Klaus On The EU

The President of the Czech Republic, Vaclav Klaus, had some harsh words for the EU which he accused of living "in the dream world of welfare, long vacations, guaranteed high pensions, and cradle-to-grave social security".

Indeed, Klaus seems to be one of the more clear-eyed leaders in Europe today. Klaus is correct in pointing out that while the general idea of closer European integration has great value, the implementation of the EU is deeply flawed – and those flaws are only going to be exacerbated by the expansion of the EU into former Warsaw Pact nations. The EU is trying to expand the socialist model of European government farther than it ever has just as that model is failing in the core of the Eurozone. The German economy is in deep recession, and France and Italy aren’t doing much better. Considering that the Maastricht Treaty just got thrown out the window there’s much cause for deep skepticism about the health of the Eurozone.

The EU is based on the idea that a top-down complete reorganization of European society that sweeps away the very idea of the nation-state can be accomplished in short order and with minimal resistance. The rejection of the Euro in Sweden and the Euroskepticism in Britain shows that this idea is simply not working as the EUrocrats thought it would. EU expansion only puts more pressure on the EU system as the regulatory blanket that comes with EU membership chafes against the needs of the growing Eastern European market. As Klaus puts it:

The biggest challenge for the Czech republic, Klaus said, is how to avoid falling into the trap of “a new form of collectivism.” Asked whether he meant a new form of neo-Marxism, he said, “absolutely not, but I see other sectors endangering free societies.”

“The enemies of free societies today are those who want to burden us down again with layer upon layer of regulations,” president Klaus explained. “We had that in Communist times. But now if you look at all the new rules and regulations of EU membership, layered bureaucracy is staging a comeback.” The EU’s 30,000 bureaucrats have produced some 80,000 pages of regulations that the Czech republic and the other European applicants for EU membership would have to adopt.

Indeed, it is the regulatory monstrosity that is the EU that is exceptionally worrying. As the article mentions:

Last week, the European Court of Auditors in Luxembourg released a 400-page report that found “systematic problems, over-estimations, faulty transactions, significant errors and other shortcomings” in the EU’s budget. EU’s auditors could only vouch for 10 percent of the $120 billion the EU spent in 2002. It was also the ninth successive year the auditors were unable to certify the budget as a whole.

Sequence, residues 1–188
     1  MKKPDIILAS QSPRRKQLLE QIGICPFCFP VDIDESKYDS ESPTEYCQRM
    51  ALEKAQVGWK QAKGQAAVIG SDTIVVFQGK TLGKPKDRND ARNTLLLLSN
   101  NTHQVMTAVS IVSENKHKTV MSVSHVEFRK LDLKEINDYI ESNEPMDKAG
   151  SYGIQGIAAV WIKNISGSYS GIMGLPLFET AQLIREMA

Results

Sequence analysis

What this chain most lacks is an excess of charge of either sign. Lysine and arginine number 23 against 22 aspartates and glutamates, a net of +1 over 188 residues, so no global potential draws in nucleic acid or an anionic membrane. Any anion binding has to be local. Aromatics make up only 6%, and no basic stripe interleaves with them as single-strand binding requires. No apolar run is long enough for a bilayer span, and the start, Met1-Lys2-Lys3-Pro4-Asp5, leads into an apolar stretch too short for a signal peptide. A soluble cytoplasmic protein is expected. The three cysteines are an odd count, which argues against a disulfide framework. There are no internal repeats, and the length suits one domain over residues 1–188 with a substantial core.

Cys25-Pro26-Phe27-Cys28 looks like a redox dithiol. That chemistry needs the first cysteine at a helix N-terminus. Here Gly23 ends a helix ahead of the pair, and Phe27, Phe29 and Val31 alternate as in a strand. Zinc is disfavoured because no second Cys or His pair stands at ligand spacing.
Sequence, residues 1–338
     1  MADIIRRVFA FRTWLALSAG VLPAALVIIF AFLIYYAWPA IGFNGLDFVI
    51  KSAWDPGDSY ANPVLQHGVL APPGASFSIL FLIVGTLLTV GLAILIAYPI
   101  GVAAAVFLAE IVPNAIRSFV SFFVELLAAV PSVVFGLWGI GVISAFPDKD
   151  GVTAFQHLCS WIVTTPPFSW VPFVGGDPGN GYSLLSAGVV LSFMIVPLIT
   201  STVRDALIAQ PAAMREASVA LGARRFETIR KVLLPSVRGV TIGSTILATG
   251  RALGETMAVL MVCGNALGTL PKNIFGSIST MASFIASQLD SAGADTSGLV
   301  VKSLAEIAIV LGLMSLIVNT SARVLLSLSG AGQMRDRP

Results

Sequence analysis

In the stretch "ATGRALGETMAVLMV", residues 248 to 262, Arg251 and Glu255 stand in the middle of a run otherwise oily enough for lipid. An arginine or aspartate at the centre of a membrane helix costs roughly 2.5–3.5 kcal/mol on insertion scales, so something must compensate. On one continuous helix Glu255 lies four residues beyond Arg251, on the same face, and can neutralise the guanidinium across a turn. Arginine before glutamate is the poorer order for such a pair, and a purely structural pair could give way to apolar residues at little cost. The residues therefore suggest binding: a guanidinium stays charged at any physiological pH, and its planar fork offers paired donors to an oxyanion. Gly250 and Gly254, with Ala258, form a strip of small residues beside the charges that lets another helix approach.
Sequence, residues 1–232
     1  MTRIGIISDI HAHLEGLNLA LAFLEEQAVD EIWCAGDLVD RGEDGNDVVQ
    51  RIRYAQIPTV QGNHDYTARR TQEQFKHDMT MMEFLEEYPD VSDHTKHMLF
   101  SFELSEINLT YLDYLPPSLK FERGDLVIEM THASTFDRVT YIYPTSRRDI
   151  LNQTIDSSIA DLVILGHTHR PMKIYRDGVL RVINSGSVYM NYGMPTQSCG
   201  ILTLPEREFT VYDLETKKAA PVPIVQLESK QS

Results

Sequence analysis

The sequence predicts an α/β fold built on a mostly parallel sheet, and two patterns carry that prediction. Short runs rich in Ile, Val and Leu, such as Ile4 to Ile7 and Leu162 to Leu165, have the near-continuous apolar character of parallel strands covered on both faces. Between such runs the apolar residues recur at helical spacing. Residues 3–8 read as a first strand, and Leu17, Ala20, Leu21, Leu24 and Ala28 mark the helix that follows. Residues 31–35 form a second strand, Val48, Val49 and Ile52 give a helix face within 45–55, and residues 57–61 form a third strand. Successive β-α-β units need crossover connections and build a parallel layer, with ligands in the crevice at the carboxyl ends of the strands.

In other words, the numerous financial scandals involving corruption and bribery with EU could very well only be the tip of the iceberg. When you have a system of governance that is isolated from those they govern, are not responsible to any other system of government, and can spend money like drunken sailors you have a recipe for a kleptocracy at best and totalitarianism at worst. Neither option is particularly good for the future of Europe, which is why radical reform is necessary if the EU is to survive as a viable political entity. Klaus is right, the EU exists in a dream world, and that dream could come crashing down at any time.

2 thoughts on “Klaus On The EU

  1. It is true, the European Union is producing a bunch of new directives a day. It is true that there are so many Directorate Generales (DG), and so many Units within that it’s really hard to follow who’s doing what. It is another real fact that sometimes, DG competition and DG Internal Market for example have very different views on a topic, which can be confusing for the people -like me- who have to work on it.

    But it has to be understood that these directives are not over-regulation. 2 reasons:
    1-the EU, for economic reasons -economies of scales basically- decided to promote the “Internal Market”. This means that any product sold legally in a country can be sold under the same format in another country (with the exception of dutch’s weed). To achieve that, we actually need a whole new set of laws to harmonise national legislations. This is not over-regulation since national laws are then obsolete!
    2-The EU is creating a totally new area, where new problems happens. These things that didn’t existed before need to be tackled as well. This is not over-regulation either.

    Finally, the enlargement may not be happening if new entrants continue to complain all the time like that. Nobody forced them to join, and everybody is ready to listen to their views, but these people never propose anything concrete. I really don’t see what the problem is with “cradle-to-grave social security”. I mean: “Yeah I want that!!”
    the EU may crash tomorrow if we don’t agree on the new contitution. One way or another, it could have positive aspects.

  2. I don’t think anybody expected Maastricht to survive, and I don’t think that many members care that it’s gone. The weaker states that would noramlly complain seem poised to get the “One Rep per State” concession they sought, and it’s not like the treaty was a beloved document to begin with, seeing as how it almost didn’t pass in Germany and France and the Dutch failed to ratify it.

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